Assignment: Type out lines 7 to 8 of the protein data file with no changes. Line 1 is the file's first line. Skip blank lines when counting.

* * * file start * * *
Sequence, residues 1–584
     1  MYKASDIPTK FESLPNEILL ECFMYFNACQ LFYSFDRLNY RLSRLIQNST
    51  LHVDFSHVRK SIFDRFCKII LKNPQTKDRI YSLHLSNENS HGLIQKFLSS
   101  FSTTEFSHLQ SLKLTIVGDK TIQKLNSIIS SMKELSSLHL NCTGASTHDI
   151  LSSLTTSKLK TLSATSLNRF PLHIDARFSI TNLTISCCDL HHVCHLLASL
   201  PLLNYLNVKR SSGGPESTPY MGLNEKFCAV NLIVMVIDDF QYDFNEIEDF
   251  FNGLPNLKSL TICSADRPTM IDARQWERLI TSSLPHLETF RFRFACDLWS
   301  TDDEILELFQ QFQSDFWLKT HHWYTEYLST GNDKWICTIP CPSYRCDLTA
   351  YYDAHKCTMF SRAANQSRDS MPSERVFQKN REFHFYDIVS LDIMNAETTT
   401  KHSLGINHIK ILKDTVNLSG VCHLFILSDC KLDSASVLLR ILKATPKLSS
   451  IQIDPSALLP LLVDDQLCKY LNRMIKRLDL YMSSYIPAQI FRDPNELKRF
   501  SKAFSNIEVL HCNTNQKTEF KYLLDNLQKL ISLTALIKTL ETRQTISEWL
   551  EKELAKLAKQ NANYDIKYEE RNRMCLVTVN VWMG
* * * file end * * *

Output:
   251  FNGLPNLKSL TICSADRPTM IDARQWERLI TSSLPHLETF RFRFACDLWS
   301  TDDEILELFQ QFQSDFWLKT HHWYTEYLST GNDKWICTIP CPSYRCDLTA